Dogs have their day in sun
Event at park organized by nonprofit advocacy, adoption group
Sunday, August 12, 2012
Sunday's visitors to Esther Short Park seemed to thoroughly enjoy themselves.
They stayed hydrated with the help of water handed out for free, sampled the goods offered by 34 vendors — and sniffed each other's butts.
The annual Dogs in the Park event drew at least 100 dogs and their owners to the park in downtown Vancouver. The event was organized by Must Love Dogs NW, a Vancouver dog adoption and advocacy group.
The pooches came in all shapes, colors and sizes. There was a Bernese mountain dog weighing in at around 120 pounds. There were little poodles who fit in their owners' palms. Sheep dogs, Labradors, terriers and mixes of all stripes filled in the middle between those two extremes.
The dogs and their owners lounged in the shade and browsed the booths selling leashes, bandanas and pet food. There was a dog massage stand. And there was an agility course, where beginners could give the canine sport a try.
Katie High, a certified dog trainer and owner of High Expectations dog training, guided the dogs through the course of tunnels, jumps and weaving stakes.
In agility competitions, dogs navigate those and other obstacles. Training on the course is a particularly good experience for young dogs, because it helps them focus their boundless energy, High said.
It's also a good fit for timid dogs, because it teaches them that it's fine to follow their owners through scary situations, that they won't get hurt from doing so, she said.
Many of the dogs in the park had to relearn to trust after being rescued from irresponsible owners. Must Love Dogs adopts out about 300 dogs a year, said Alycia Hadfield, president and co-founder of the nonprofit.
The group also provides low-cost spay and neuter services to owners who can't afford the procedures for their dogs. For its adoptions, the nonprofit takes some dogs directly from the public, but mostly focuses on "death row dogs," Hadfield said. Those are dogs that are in line to be euthanized at a shelter, often because of health or behavior issues.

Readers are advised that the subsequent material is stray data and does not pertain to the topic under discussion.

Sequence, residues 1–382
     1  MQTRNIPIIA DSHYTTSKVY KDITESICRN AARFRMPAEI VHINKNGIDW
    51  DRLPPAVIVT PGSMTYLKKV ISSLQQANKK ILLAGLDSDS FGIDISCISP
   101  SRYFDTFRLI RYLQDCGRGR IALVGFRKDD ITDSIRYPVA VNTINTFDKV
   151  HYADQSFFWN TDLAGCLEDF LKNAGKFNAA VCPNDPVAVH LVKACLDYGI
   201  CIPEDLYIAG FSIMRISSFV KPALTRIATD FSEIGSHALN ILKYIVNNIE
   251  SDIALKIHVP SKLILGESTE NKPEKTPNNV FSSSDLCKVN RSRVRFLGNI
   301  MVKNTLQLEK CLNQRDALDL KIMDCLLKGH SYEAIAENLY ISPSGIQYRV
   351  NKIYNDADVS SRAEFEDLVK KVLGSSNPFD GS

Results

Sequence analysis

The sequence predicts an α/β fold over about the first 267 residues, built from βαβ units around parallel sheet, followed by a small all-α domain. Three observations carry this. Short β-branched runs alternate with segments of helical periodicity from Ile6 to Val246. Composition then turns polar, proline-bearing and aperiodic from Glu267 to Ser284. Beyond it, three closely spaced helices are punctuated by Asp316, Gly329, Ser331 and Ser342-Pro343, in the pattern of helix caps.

Must Love Dogs doesn't run a shelter building. All of its dogs — it currently has about 20 — stay at volunteers' houses. The group has 15 active foster homes right now, Hadfield said.
One of them is full up after the volunteers adopted their latest foster pups.
Eileen Kane and Chris Doty were in the park Sunday with four pugs in tow. They adopted two of the wrinkle-faced pooches from Must Love Dogs about two years ago, Kane said. The couple lives in a condo and was looking for a low-energy, mellow breed. The cuddly pugs fit the bill.
Their initial two dogs came from an abusive owner and were afraid of men, Kane said.
"I had to earn their trust, by showing them love and compassion," Doty said.
They warmed up to him quickly and the couple decided to foster dogs for the nonprofit that had delivered their new friends. This spring, they took care of two more pugs. Nobody came forward to give them a permanent home, so Doty and Kane adopted them as well.
Living with four pugs really is no different than living with two, Kane said.
"It's still easier than having kids," Doty said with a laugh.